Henry Fielding had a unique way of portraying religion in his works, even though he many times reiterated some common satires. His portrayal of Mary, the Female Husband, as a Methodist, pointed to the fact that he like many others believed that Methodists were using the Justification of Faith doctrine to do whatever they wanted. In his other works as well, Fielding mentions Methodism. Shamela, which was a spoof on Samuel Richardsonís Pamela, featured Shamelaís mother as a whore who sent her daughter Whitefieldís sermons. Fielding mocks Richardsonís pious novel by making Shamelaís character a religious joke, a sham, whose mother is a Methodist. A Methodist is by satirical nature a hypocrite, and Fielding created a hypocritical character with her roots in Methodism. In Tom Jones, Fielding has Tom Jones stay at the Bellís Inn, the place of birth of George Whitefield. He also adds that the Inn remains untainted by the "pernicious principles of Methodism."

Fielding also mentioned the Jacobite rebellions in his novel, which was written during many uprisings in England. There are several political discourses in which Tom Jones insists that "a popish priest" was not to be believed and that he would uphold his Protestant religion. When Partridge, a secret Jacobite, discusses prophecies that a "Popish priest" told him about bloodshed further on, Tom puts him down by saying "With what stuff and nonsense hast thou filled thy head? This too, I suppose, comes from the popish priestÖ" (Fielding 379). Earlier in the novel, Jones volunteers to fight for the Protestant cause (before he gets wounded by a sword) saying "I think no man can engage in a nobler cause than that of his religion" (316).

Religious hypocrites are rampant in his novels as well. Reverend Mr. Twackum in Tom Jones is an obvious sadist who enjoys beating religion into young Tom. Twackum does his best to try to portray Tom in a bad light to Mr. Allworthy, eager to make him hate him. In Joseph Andrews, Parson Adams is shocked to learn that a fellow priest would not lend him any money, which was completely against the tenets of Christianity in regards to helping your brother. Fielding creates more inhospitable Christian characters, which to him seem like the most hypocritical beings. In the character of Mrs. Wilkins in Tom Jones, she insists that it would not be "Christian" to protect the foundling (young Tom) Mr. Allworthy finds on his bed, and tells him to leave it at the churchwardenís door "it is a good night, only a little rainy and windy, and if it is wrapped up and put in a warm basket, it is two to one but it lives till it is found in the morning (Fielding 33). To Mrs. Wilkins, this is infinitely more Christian than protecting the child of a "strumpet who lays her sins at menís doors" (33). When Mr. Allworthy is dying, Mrs. Wilkins, Mr. Twackum, and Mr. Square all hypocritically pretend like they care when they are angry at what is being left to them in Mr. Allworthyís will.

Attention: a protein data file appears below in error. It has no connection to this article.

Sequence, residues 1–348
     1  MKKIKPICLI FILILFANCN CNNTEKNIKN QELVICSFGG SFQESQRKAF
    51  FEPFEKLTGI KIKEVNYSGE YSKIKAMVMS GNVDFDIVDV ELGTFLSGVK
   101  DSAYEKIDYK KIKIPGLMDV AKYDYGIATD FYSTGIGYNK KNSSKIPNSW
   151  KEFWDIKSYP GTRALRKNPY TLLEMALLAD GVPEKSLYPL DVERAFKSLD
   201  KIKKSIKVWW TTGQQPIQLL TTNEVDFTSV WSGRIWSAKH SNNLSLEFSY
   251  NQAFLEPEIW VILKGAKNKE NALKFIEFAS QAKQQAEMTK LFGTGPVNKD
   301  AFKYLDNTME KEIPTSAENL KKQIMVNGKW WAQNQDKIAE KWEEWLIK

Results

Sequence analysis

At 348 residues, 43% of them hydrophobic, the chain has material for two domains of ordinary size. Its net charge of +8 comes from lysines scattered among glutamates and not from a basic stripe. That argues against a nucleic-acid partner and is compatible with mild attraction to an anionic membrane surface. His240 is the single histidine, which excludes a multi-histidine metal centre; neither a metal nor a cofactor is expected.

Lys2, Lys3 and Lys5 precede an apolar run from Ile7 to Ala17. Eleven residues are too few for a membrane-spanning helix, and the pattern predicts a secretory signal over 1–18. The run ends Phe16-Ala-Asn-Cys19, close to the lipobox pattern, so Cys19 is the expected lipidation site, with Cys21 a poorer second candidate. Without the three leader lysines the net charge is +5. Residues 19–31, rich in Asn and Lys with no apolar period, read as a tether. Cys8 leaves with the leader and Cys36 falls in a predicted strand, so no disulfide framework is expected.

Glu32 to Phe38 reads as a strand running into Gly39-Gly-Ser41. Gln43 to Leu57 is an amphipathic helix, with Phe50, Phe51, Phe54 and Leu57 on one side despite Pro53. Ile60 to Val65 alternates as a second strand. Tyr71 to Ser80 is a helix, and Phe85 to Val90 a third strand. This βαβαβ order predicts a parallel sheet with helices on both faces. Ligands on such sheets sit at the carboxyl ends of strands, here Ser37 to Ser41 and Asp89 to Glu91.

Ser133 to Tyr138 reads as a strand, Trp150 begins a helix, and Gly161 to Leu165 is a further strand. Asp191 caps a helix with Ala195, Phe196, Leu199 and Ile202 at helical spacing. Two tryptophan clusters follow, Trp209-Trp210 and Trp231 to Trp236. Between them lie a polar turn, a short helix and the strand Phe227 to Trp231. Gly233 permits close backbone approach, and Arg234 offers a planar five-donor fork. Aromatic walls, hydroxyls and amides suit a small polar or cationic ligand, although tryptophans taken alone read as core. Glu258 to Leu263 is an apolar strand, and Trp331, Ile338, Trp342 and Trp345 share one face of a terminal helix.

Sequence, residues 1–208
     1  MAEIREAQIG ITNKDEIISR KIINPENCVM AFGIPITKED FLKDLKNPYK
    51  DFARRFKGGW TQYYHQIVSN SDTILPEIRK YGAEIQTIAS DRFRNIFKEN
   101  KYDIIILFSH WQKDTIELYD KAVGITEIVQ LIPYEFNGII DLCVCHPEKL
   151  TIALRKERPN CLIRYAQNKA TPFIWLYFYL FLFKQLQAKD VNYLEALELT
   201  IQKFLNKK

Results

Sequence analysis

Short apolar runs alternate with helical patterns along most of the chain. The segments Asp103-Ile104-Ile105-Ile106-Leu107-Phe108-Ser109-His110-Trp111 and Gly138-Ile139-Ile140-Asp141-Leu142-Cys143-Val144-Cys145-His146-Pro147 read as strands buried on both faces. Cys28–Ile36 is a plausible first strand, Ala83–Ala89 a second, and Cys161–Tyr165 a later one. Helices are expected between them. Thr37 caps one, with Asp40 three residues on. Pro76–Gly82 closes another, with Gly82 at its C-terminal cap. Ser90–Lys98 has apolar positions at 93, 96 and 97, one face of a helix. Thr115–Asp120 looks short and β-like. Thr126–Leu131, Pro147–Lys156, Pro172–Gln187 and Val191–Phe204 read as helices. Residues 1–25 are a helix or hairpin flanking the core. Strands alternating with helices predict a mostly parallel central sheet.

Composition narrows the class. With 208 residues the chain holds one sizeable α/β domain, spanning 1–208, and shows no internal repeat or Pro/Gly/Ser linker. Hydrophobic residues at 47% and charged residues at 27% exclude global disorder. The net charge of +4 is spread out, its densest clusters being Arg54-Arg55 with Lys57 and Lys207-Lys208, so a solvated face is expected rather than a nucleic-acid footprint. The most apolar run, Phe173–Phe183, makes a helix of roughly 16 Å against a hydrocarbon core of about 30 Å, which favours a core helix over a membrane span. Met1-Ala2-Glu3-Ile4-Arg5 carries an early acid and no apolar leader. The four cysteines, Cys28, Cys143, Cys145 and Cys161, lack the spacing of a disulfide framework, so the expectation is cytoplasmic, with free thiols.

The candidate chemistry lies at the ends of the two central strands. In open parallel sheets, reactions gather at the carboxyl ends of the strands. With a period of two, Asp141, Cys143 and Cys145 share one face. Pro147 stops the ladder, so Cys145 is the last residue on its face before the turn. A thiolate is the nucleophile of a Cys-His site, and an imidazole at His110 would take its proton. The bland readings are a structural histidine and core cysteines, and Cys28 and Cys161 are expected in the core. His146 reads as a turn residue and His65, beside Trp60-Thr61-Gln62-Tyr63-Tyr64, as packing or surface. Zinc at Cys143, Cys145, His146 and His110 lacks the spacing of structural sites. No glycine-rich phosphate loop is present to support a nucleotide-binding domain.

Fielding loves portraying Christianity as violent. Parson Adamsís readiness to take part in any fights seconds this, Molly Seagrim gets into a fight outside of church.

Paradoxically, Fielding presents violence as almost a form of gentleness, whereas politeness may often disguise an underlying cruelty (Nokes 151). His books are filled with broken noses and bruised ribs. Also, like Swift, Fielding attacks hypocrisy and sees very little hypocrisy in a knock-down, drag-out fight. Blifil in Tom Jones seems very gentle but is quite conniving.

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